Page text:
Allison Moses is determined to continue her philanthropy.
The 27-year-old Roaring Spring native who spent 15 months in the Eastern European country of Georgia in 2007-08 doing humanitarian work for the Peace Corps before being evacuated due to political unrest, is now engaged in similar endeavors in the Central American country of Costa Rica.
"She hasn't said too much to me about what she's been doing there, but I'm really proud of her for trying to do something positive to help make the world a better place," her mother, Cathy Odroneic, 56, of Roaring Spring said. "I just hate for her to be so far away. As a mother, you can't help but worry ... but I have faith that God will take care of her."
Allison Moses of Roaring Spring is shown in Quebrada Honda, Costa Rica, the town where she lives and works with the Peace Corps.
What she's doing entails helping kids to learn about the environment, teaching English and computer classes, fostering community cleanup skills and writing a project that will support pregnant teenagers and young mothers in maintaining their development and health.
The trip marks her second endeavor in the Peace Corps, of which she has been a part since 2007, Odroneic said, adding she left for Costa Rica on March 10, 2009 and will be there until June 2011.
She'll be returning home for a two-week visit in June.
"We'll pick her up in Washing-ton, D.C.," her mother said. "I'm very anxious, I haven't seen her for 13 months. And that's a long time for a mother, believe me."
The project was made possible by a grant Moses received from Kids to Kids, a Boston-based youth initiative committed to creating opportunities for kids on a worldwide basis to participate in arts, sports, education and environmental projects, according to a release.
In the last two years, it has awarded more than 180 grants, totaling more than $75,000.
Moses, a 2005 Penn State graduate who studied marketing and human resource management, is sponsoring the project in partnership with a community leader in Costa Rica.
"I was super excited to get the grant," she said. "The teachers are motivated and support the environmental theme to the project. We're going to do trash pickup, post signs and plant trees in May and June."
She lives in a one-story, two-bedroom house with her two-member host family, in the province of Guanacaste (there are seven provinces in Costa Rica) on a small farm village (Quebrada Honda) near the Nicoya Peninsula in the western part of the country. Population: 400.
"It's the type of town where everyone knows everyone, and you can go to anyone's house for coffee whenever you feel like it," she said in a recent e-mail to the Mirror. "But keeping that in mind, there is absolutely no privacy, and everyone knows everything about your life."
Her host family, a mother and her 14-year-old son, have welcomed her with open arms.
"My host brother and I pick on each other as if we were indeed relatives," she said. "My host mother is an extremely kind and caring person that sometimes treats me too much like her own daughter - hence the nine o'clock curfew my first two months here."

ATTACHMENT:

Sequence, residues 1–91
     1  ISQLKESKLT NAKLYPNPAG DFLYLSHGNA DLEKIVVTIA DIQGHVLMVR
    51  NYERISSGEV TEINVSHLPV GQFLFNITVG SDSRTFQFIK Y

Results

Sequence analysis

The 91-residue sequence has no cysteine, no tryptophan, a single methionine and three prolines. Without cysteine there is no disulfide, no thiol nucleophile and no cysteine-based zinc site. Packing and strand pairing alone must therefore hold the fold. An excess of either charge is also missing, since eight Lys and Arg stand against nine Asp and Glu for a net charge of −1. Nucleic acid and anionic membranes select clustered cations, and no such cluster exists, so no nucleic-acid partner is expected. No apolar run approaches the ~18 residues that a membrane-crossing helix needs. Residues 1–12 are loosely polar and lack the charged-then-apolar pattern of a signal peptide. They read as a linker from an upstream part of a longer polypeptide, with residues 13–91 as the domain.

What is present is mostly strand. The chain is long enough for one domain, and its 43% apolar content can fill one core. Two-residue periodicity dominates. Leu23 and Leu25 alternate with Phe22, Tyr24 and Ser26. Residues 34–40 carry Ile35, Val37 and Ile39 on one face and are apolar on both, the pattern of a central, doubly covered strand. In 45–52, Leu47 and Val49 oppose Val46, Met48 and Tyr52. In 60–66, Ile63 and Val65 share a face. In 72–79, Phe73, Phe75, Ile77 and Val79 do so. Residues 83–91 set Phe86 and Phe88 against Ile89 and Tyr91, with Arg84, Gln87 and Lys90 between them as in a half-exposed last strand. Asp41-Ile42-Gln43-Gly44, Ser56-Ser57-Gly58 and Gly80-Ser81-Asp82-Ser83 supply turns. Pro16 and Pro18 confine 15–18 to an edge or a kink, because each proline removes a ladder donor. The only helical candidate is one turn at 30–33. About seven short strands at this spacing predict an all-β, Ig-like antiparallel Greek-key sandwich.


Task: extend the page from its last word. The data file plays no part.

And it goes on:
The elementary school where she teaches has less than 30 students, she said, adding that less than 20 percent of the village's youth attend high school.
"There is a very small percentage of young people here," she said. "The kids are familiar with volunteers, so they understand why I'm here and always have to hug me when they see me. It's funny ... I was never really a kid person, but the kids always run up and hug me, while I awkwardly hug them back - but I'm getting better, though."
While her core objectives in Costa Rica are similar to those in Georgia, there have been fundamental differences in the respective overall experiences.
"Well, it's 100 percent different," she said. "In Georgia, I lived in a city with a population of 150,000, working with and an NGO (non-governmental organization) from 9 to 5 (p.m.) while, on the side, teaching business classes and assisting micro-entrepreneurs. I lived with three other volunteers in my town and endured a bitter winter with no heat.
"Here, I'm experiencing everything as the exact opposite: small town, extreme heat (typically 98 to 102 degrees in April), grass roots projects with kids, recycling, no office and no deadlines - just pure motivation. That can be challenging. Costa Rica is easier to adapt to because the people understand our culture better and the languages are so similar. They've accepted me as one of their own here - I didn't have that in Georgia."
Debbie Moses, Allison's aunt, who described her niece as "a very wordly and experienced young lady," is happy to see her honing a foreign language skill.
"She's becoming very fluent in Spanish," Debbie Moses, 56, of Pittsburgh said. "I'm excited she's been able to cultivate that ability on this side of the hemisphere," she said. "There are so many Spanish-speaking jobs here (in the U.S.), especially on the West Coast. When she comes home, she's really going to be a great asset."
Allison Moses' experiences abroad would seem to beg the question: Does she ever long for home?
"I'm not homesick because I'm accustomed to living away from my friends and family," she said. "I'm lucky enough to be able to communicate with my them every week through Skype, e-mail and Facebook. I'm anxious to see my friends and family when I come back in June, but I'm not ready to live in the states yet."
When she does come home for a two-week hiatus, it's time for rest and relaxation.
"I'd love love to just sit on the couch and watch TV in English," she said. "I'll attempt to venture out of the house and visit my friends and Aunt Debbie in Pittsburgh, and just relax with my family in Altoona and Roaring Spring."
Mirror Staff Writer Jimmy Mincin is at 946-7460.